Welcome! Login | Register
 

Angiulo: Bringing Both Sides of Local Disputes to the Negotiating Table—Local government may have the lowest profile of…

Smart Benefits: Serve Up Wellness for the Holidays—The holiday season may bring good cheer

Holy Cross Rolls Nichols, 101-70, Improves to 3-0—Holy Cross improves to 3-0 on the season.

Jones, Bunbury Carry Revolution To Crucial Road Win—Jermaine Jones and Teal Bunbury collected a goal…

Patriots Have The Wright Stuff—Shut Down Detroit 34-9—The New England Patriots got two touchdowns from…

New England’s Booziest States—New England is known for it's love of…

Sharks Can’t Find Net, Lose 1-0 In Hershey—The Worcester Sharks have now dropped five straight…

Monfredo: A Magical Night … as Students Showed Off Their Talent—The arts are an integral part of the…

Fit For Life: Don’t be a turkey…—It's Thanksgiving, but I am going to stick…

Holy Cross vs Georgetown Football Preview—Holy Cross closes out their season on the…

 
 

Harvard #2: Central MA’s Best Communities

Friday, June 29, 2012

 

Harvard

# 2 Harvard is home to the Fruitlands Museum, which was originally the Harvard Shaker Village. Originally a farming community, the town remains rural, with woods, small rolling hills, fields and wetlands.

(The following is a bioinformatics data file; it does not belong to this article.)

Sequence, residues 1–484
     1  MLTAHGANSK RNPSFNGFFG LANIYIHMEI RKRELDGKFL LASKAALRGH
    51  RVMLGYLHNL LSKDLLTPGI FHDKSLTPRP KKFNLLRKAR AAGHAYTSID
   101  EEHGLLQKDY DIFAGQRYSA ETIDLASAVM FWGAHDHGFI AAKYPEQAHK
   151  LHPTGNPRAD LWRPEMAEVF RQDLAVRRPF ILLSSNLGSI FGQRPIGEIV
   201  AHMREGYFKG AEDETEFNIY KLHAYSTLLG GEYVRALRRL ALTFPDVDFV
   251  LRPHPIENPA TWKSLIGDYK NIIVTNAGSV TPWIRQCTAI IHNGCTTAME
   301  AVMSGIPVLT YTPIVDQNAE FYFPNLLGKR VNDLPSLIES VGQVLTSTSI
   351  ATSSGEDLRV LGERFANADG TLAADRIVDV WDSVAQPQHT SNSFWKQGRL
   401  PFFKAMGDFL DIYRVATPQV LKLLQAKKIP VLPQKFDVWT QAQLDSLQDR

The town also has several apple orchards and a highly regarded school system.

Harvard is one of only two communities to claim the top rank in two categories: education and economic condition.  The town also ranks 10th for arts and culture, but it is 70th for affordability.  

Photo courtesy of Andrew Watson

Harvard by the numbers

Established: 1732
Population: 6,520
Median household income: $141,274
Median housing price: $586,000

2012 Best Communities rankings
Overall ranking: 2
Affordability ranking: 70
Education ranking: 1
Economic condition ranking: 1
Safety ranking: 14
Arts & Culture ranking: 10
Restaurant ranking: 52

 

History in a nutshell:
The town of Harvard was home to many various utopian and new-thought societies. Transcendentalist Amos Alcott, with young daughter Louisa May Alcott, and Charles Lane attempted to create a socialist farm called the Fruitlands, which only last seven months. In 1905 the town became home to the Harvard Shaker Village--a utopian society that advocated celibacy, self-denial and communal ownership of property. Another movement appeared in 1918 when Harvard resident Henry George attempted to create a single tax zone in the town which survived only 20 years.

Famous residents:  

Amos Bronson Alcott – teacher, writer Louisa May Alcott – novelist, daughter of Amos Alcott
Tabitha Babbitt – tool maker
Adam Dziewonski – geophysicist
Jonathan Edwards – musician
Fannie Farmer – cookbook author
Lynn Jennings – Olympic runner
Charles Lane –Transcendentalist
Ann Lee – Shaker founder
Keir O'Donnell – Australian actor
Clara Endicott Sears – founder of Fruitlands Museum
Ted Sizer – educational reform leader

Famous residents source: Wikipedia
Additional reporting by Grace Fenton
 

 

Related Articles

 

Enjoy this post? Share it with others.